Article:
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Swami to Canada –March 24 -27
Swami Yogatmananda will travel to Edmonton and Saskatoon, Canada to deliver Vedanta Talks. Swami will return later Mon. March 27.
Spiritual Retreat - Sat. April 01, 9:30 AM - 7:00 PM
Topic: ‘Remain in Bhava-Mukha’
Speaker: Swami Atmajnanananda, Vedanta Center of Gr. Washington DC
Prior Registration Necessary.
Registration Fee: $30.00 per person;
(For online registration, $1.00 additional)
Saxophone & Tabla Concert – Sun. Apr. 02
Immediately following the 5pm – 6pm Sun. April 02, Lecture on: ‘The Journey from Doubt to Realization’, there will be a concert from 6:15pm – 7:30pm, of Indian Classical Melodies (Raagas) performed on Saxophone by Phil Scarff, accompanied on Tabla by Amit Kavthekar. All welcome. No entry Fee. Donations appreciated.
Weekly Programs (in addition to Daily Programs given below)
7:00 PM: Aarati (devotional music) & meditation
8:30 – 10:30 AM: Karma Yoga/Cleaning
11:00 AM – 12 noon: Guided meditation and Chanting/singing
7:00-8:30 PM - Aarati (devotional music) & Meditation
5:00 – 6:00 PM: Lecture: ‘Path to Self-Surrender’ by Abhijit Sarcar
7:00 PM: Aarati (devotional music) & meditation
7:30 – 8:30 PM: Study Class by Swami Yogatmananda on 'The Gospel of Sri Ramakrishna', Ch 52, pp 986
|Morning :|| 5:45 – 6:45 AM: Meditation
6:45 – 7:00 AM: Chanting followed by a short reading from 'The Complete Works of Swami Vivekananda, Vol. 7'
7:00 – 7:25AM – A short ritual worship/Puja. Open to all.
|Evening :||7:00 – 7:15 PM: Aarti (devotional music), with a short reading from 'THE STORY OF AN EPOCH: Swami Virajananda and his Times', by Swami Shraddhananda
7:15 – 8:00 PM: Meditation. Open to all.
Salutations! – Thurs. March 16
The birth anniversary of Swami Yogananda, a direct disciple of Sri Ramakrishna, was observed in the morning with a chant and in the evening with a song and short biography reading.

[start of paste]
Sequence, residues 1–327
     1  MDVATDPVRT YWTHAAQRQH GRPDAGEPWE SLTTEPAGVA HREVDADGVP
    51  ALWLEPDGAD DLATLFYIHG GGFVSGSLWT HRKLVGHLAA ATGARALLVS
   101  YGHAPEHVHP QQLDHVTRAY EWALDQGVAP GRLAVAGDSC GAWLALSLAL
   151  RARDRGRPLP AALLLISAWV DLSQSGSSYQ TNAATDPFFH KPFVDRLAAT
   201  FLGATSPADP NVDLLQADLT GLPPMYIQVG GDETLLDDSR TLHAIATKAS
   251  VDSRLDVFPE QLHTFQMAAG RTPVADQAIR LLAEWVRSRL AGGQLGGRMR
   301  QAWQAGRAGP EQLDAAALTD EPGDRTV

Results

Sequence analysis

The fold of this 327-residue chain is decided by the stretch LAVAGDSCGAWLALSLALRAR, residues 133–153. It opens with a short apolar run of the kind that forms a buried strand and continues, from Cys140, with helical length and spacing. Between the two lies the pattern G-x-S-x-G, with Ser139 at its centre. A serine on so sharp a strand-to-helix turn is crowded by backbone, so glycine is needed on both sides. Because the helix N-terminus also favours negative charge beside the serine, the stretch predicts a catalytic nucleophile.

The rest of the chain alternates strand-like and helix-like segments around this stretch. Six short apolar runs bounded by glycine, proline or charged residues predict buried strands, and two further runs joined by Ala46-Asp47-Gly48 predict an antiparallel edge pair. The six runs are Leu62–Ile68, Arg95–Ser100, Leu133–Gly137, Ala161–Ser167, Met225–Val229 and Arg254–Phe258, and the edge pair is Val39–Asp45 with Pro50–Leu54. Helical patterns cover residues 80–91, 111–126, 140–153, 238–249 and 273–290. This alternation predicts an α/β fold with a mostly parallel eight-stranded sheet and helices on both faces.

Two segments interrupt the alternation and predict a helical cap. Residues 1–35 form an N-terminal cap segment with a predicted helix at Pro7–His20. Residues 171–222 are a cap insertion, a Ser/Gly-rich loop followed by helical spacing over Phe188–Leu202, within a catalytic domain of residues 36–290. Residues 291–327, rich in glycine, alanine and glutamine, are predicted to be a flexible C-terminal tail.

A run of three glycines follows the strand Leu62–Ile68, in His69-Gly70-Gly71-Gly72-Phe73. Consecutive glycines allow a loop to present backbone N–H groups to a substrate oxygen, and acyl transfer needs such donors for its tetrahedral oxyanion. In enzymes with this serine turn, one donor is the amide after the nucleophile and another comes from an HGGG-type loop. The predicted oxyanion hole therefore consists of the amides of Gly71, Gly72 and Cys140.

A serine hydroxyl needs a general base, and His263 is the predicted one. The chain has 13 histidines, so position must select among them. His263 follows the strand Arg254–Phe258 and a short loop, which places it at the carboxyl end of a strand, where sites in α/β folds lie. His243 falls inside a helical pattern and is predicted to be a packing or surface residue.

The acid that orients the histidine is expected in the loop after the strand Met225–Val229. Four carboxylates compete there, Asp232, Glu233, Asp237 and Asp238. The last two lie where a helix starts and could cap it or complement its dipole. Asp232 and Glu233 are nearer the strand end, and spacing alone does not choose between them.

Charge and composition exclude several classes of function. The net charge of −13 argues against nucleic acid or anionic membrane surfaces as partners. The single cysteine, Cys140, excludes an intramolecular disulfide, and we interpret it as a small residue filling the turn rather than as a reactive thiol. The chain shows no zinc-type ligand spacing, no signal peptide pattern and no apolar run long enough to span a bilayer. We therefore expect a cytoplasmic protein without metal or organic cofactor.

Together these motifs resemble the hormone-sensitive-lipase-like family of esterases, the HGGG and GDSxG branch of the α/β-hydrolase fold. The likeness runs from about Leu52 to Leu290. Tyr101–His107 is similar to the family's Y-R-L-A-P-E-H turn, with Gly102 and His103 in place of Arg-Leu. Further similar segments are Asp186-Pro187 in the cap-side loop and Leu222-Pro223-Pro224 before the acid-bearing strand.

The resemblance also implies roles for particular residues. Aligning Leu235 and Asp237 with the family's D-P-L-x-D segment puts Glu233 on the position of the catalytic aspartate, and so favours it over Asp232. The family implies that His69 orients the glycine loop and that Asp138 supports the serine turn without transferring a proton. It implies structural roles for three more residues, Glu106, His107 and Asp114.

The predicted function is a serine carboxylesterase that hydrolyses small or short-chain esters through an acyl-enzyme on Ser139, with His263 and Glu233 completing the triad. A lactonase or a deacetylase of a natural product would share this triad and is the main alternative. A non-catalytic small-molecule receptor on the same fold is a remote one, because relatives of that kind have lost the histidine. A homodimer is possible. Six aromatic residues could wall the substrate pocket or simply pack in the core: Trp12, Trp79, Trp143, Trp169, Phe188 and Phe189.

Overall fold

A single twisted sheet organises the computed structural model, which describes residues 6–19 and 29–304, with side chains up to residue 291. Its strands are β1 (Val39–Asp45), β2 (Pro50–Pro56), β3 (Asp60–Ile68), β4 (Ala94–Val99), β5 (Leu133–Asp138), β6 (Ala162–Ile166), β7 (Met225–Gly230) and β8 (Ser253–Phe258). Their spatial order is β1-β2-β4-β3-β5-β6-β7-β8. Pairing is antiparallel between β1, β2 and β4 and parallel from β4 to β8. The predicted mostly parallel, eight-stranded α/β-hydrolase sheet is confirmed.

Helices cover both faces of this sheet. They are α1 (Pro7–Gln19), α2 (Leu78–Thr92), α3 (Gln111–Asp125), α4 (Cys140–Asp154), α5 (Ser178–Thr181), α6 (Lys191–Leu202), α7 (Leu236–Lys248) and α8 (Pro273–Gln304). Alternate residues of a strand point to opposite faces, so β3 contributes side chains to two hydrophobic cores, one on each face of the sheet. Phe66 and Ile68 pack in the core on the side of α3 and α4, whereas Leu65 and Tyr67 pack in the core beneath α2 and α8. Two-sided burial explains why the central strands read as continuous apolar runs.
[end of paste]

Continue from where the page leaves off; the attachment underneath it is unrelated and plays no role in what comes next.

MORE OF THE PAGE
Livingston NJ – Sat. March 18
Swami and some devotees traveled to Livindston, NJ Vedanta Group on Sat March 18, where swami delivered Vedanta Talk at the home of Mihir Saha. About fifty devotees attended
CT Vedanta Society Meets – Sun. March 19
About forty devotees attended the monthly program at Vedanta Society of Connecticut, 100 Cherry Brook Rd, Canton CT from 10:30AM – 12:30 PM, with a discourse given by Swami Atmajnanananda, (from Vedanta Centre Greater DC) on ‘Life of Perfection’ (based Ch 2 of Bhagavad Gita). Swami Yogatmananda performed a short puja, gave introduction and thanks.
Synopses of Past Classes
(All classes given by Swami Yogatmananda, unless otherwise stated)
Study Class on 'Jnana Yoga' - Mar. 17, Friday
The nature of the soul (atman) is incorporeal and unchanging. The body is born and dies, but the soul is not born nor does it die. Whether water is poured in a cup or in a jar, the water itself is the same even if the vessel is changed. Likewise, all bodies undergo change, and ultimately die, but the soul is the same regardless of these changes. The atman is our true nature, and it is life itself, wisdom itself, bliss itself. It is the reality common to all things, eternal and ever-perfect. Nothing can add happiness to our lives, because we are happiness itself. Through ignorance we have identified ourselves with body. Life is expressing itself through the body, but the body is not life. The atman is ever-perfect. “Perfect” means that nothing else can be added unto it. It is unchanging, so it cannot be added to. It just remains as it is. There is no “good” or “bad” in terms of the soul, though the expression of the soul differs from person to person. Even the vilest individual is, essentially the same pure, ever-perfect soul as a saint. The soul is the common thread in us all. Let us remember this and feel that same soul is unifying us with all others. The soul is the source of all love, since the feeling of love comes from the sense of One-ness. What is the “I”? It is the atman. As we will discuss further next class, the atman cannot be realized by senses, speech, intellect, nor by study of scriptures.
Sunday Talk - 'Evolution in Religious Thoughts and Practices' – Mar. 19